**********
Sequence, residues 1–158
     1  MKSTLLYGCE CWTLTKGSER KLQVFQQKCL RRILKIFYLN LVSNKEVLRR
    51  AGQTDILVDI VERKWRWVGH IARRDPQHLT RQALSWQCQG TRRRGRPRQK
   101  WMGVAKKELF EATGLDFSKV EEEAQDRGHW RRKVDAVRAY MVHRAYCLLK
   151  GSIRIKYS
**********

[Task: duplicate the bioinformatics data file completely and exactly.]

Sequence, residues 1–158
     1  MKSTLLYGCE CWTLTKGSER KLQVFQQKCL RRILKIFYLN LVSNKEVLRR
    51  AGQTDILVDI VERKWRWVGH IARRDPQHLT RQALSWQCQG TRRRGRPRQK
   101  WMGVAKKELF EATGLDFSKV EEEAQDRGHW RRKVDAVRAY MVHRAYCLLK
   151  GSIRIKYS